The rest of the Ender series is less universally loved than the original. I personally think that Speaker for the Dead is nearly as strong as Ender's Game but for different reasons, and I also like Xenocide and Children of the Mind (which many people didn't enjoy at all).
I think it was you who recommended just reading the first 4 or 5 in a previous discussion, which I'll probably do.

There is certainly an amount of grind in the Harringtons, especially later in the series. The first few, not so much. Again, it's usually the political stuff.

As for the technical stuff...IMO, no it doesn't take you out. Others might disagree with me. But, here is the thing, Weber never writes anything that isn't going to be used. Do you know how sidewalls work? Impellar wedges? The range of light speed weapons? How missiles work? Of course you don't. But you will. So when the actual battles happen, he never has to explain anything. He just tells you what is going on and since you have been educated already, those battles become extremely vivid.

That being said, if you want an easy read, this series probably isn't it.

Meanwhile, the other series I mentioned, Weber's Empire of Man series (first novel is March Upcountry, available as a free eBook online) is nothing but killing fun and death.

On a totally separate note, The Old Man's War series is some very hard core sci-fi which also happens to be a pretty easy read.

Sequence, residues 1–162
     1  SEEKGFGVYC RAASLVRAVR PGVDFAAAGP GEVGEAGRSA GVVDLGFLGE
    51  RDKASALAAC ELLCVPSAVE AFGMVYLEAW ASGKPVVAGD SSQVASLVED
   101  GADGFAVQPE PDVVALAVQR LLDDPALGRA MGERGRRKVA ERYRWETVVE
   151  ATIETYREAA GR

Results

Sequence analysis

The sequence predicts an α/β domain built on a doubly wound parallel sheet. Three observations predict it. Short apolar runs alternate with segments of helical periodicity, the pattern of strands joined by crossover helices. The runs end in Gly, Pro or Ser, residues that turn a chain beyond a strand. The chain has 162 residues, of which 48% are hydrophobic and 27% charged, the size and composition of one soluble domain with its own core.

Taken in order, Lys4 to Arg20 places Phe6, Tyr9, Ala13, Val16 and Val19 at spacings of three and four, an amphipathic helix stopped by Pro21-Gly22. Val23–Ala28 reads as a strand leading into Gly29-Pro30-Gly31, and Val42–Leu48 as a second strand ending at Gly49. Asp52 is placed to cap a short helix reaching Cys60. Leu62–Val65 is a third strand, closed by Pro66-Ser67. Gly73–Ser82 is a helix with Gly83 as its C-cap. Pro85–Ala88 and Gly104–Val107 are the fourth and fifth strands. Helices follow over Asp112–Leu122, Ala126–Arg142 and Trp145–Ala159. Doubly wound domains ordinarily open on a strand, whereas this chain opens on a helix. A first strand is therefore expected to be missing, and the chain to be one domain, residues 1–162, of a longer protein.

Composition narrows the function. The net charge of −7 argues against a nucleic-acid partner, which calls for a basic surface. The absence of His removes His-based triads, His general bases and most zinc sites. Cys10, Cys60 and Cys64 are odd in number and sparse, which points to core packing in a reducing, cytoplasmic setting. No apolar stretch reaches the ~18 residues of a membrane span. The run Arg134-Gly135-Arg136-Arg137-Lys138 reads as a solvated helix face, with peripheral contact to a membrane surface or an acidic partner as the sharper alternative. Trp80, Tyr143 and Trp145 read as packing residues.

Marshall S. Thomas also has a good Sci-fi series called the "Soldier of the Legion" series. Soldier of the Legion is also the name of the first book. Powered armor, mini nuke weapons, pirates, evil governments soldiers and aliens. Love, lust, blood and guts. Another book in the Old Man's War/Starship Troopers genre.
Yeah Harrington sounds great but that's something I'll probably save for after the new year when winter is in full swing and I'll have the time/motivation to really dive into reading. Right now a lot of my reading is in 10-20 minute increments, which makes it a little harder to read those more technical novels.
 

BIV

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#21
Anything catch people's eye here?

*Note: Not all folders are named by me.

I wish there was a way to print a txt doc that listed all of a folder's files.


 

Wrecktum

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#22
I'm currently reading The Second Chronicles of Thomas Covenant. Just finished the First Chronicles. Think Tolkien high fantasy with a total scumbag for a main character. It has alot of the same LOTR'S themes powerful ring, unwilling hero cast into a adventure, and powerful villain in charge of a pretty massive army. But there are no cute elves, funny dwarfs. Bring a thesaurus if you wanna read the books.